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Getting off the Ground: Policy Innovation through Design-Thinking

Updated: Jan 24



 

Authored by, Kevin Ramnarine



 

An interesting aspect of my role as Policy Manager with Prairies Economic Development Canada entails “fostering a culture of policy innovation in the department.” But what is policy innovation? There are so many elements and buzz words that come to mind when I think of policy innovation. In a nutshell, I think of policy innovation as a new or different process, tool, or way to develop better policy. Yes, that is still a fairly nebulas statement. One of the most important ways my team has embraced policy innovation through a design-thinking approach is experimenting.


It all starts with an experimentation mindset. As a strategic policy unit, there is often no rubric or existing mechanisms to follow. So in science terms, we have to begin with a shallow R-squared value and conduct experiments to learn and adapt. Every time we know something new, the R-squared is improved, and the picture becomes clearer. It is vital to understand; there will never be a full picture (or R-squared of 1.0). My team has successfully used this approach in much of our work, such as developing an economic growth strategy, designing COVID19 relief and recovery supports for businesses, and creating a new federal agency.


In the case of COVID19 economic relief, we faced an ever-changing environment. It felt like we were building an airplane while in the air. Like many public servants, we met a daunting task with timelines where “aggressive” would be a gross understatement. It would have been easy to fall into the “paralysis by analysis trap” - where you wait for more information and fail to move forward.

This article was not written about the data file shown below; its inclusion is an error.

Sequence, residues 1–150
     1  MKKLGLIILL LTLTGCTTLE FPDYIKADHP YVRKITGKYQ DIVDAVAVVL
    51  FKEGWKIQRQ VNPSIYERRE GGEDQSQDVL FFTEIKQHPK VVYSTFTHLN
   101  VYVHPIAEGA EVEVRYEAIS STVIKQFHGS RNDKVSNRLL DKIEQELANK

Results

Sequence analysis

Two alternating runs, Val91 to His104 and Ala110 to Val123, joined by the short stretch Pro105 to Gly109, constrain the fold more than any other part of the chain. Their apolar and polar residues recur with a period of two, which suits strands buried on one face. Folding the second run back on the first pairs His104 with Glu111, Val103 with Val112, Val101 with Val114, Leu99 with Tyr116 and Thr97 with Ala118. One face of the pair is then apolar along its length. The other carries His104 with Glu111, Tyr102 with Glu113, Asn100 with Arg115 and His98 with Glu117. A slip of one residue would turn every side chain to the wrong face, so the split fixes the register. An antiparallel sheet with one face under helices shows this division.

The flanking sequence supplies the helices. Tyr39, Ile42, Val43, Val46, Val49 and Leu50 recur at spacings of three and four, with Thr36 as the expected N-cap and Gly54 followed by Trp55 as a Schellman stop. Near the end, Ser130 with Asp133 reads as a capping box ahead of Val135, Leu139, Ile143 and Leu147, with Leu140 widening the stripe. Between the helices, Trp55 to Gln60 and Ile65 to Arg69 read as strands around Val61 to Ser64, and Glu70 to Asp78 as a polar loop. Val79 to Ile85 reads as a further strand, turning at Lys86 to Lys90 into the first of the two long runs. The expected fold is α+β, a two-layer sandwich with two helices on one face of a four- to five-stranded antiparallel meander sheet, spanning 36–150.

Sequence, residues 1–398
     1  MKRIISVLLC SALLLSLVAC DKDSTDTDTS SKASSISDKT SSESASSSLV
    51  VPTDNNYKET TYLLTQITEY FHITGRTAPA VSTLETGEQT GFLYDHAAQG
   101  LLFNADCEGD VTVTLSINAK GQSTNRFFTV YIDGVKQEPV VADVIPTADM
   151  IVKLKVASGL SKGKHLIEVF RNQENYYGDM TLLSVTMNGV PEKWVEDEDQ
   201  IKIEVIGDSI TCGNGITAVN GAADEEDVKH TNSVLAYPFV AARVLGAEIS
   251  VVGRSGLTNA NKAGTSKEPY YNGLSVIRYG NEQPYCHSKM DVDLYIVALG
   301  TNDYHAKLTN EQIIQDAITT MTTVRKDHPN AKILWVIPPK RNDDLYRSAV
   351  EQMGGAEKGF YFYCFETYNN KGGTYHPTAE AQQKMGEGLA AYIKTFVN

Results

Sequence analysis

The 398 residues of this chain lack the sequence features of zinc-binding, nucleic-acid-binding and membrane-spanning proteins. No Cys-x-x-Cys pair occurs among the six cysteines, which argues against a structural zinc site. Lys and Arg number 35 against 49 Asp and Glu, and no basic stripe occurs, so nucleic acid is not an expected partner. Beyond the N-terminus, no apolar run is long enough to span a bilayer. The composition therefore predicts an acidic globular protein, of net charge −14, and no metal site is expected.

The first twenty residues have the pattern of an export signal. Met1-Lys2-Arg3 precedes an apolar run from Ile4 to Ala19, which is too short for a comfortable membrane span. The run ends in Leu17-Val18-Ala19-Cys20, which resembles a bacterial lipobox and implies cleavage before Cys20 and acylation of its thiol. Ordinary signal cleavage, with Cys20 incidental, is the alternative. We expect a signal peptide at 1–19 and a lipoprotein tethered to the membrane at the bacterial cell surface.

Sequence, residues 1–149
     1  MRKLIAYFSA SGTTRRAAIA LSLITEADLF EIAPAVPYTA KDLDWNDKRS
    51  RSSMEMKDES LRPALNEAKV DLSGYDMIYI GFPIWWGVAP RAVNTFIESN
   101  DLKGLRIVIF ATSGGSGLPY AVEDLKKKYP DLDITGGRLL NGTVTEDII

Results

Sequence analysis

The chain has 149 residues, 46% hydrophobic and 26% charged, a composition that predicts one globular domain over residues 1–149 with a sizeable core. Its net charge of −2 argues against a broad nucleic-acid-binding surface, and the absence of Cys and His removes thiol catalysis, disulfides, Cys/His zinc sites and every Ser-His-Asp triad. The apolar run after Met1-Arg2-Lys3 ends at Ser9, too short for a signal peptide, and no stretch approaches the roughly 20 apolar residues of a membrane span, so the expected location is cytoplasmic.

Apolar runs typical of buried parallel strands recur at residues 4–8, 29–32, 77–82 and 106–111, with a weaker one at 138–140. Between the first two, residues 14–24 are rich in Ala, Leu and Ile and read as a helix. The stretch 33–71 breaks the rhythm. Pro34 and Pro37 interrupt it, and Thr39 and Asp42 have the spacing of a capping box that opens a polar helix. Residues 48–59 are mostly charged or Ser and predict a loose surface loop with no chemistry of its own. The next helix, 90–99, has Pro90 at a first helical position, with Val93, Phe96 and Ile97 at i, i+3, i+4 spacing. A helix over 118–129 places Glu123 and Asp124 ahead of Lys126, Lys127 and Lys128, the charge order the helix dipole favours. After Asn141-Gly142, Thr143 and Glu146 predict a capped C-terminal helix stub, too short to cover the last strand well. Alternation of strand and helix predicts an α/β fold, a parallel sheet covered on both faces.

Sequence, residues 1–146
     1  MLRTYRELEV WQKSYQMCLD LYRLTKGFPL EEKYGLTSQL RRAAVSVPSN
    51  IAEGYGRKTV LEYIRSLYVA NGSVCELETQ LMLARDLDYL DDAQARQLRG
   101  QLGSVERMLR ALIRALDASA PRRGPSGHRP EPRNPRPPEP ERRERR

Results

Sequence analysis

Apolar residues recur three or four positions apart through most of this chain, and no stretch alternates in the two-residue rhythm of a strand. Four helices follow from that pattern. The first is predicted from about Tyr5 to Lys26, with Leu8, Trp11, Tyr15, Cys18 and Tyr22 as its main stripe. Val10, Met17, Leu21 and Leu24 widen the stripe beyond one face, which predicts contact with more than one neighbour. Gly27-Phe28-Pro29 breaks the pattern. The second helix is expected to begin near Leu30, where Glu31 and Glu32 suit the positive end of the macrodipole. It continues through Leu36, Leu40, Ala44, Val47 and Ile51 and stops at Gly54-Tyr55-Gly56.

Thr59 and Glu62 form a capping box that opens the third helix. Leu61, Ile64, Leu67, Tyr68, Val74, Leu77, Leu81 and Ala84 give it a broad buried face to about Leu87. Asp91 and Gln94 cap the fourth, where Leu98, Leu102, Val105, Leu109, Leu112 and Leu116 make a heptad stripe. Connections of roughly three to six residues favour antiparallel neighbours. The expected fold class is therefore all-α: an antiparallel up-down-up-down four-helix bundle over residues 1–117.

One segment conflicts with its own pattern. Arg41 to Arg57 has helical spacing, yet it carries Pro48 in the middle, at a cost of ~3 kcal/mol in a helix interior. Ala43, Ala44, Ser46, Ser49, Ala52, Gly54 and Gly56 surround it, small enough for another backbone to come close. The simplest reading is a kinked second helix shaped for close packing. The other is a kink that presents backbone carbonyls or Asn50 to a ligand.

The first step in any good experiment has a strong hypothesis. What problem are you trying to solve? What assumptions have been made, and how can you clarify them? In the early stages of the pandemic, there was not much information available about the coronavirus and its impacts; however there were some striking similarities to the Spanish Flu. We also looked at responses by national and subnational governments to other financial crises.


It became clear that our role was to augment other Government of Canada small business supports targeting SME liquidity needs for our agency. From there, we tested several different ideas for solutions and programs. We created multiple models and process diagrams as prototypes to understand who we could help and how. The evolution of our thinking was a constant loop of design – prototype – test, learn and do it over again.

We worked with regional development agencies across Canada, and the Regional Relief and Recovery Fund (RRRF) was announced in April 2021. As the environment kept changing, prototyping and program design continued until the program intake was launched in June of 2021. The RRRF helped keep more people employed and sustain more employers for recovery. Total funding of the RRRF was over $2 billion, with over $700 million allocated to western Canada.


My team was not alone in working in a new way while also adjusting to a virtual environment. This pandemic experience has developed new skills for the public service that will be applied to future challenges and opportunities. However, we can’t afford to forget the last step of experimentation: evaluation. We need to celebrate success. But we also need to take stock of our learnings and ask, what could we have done better?

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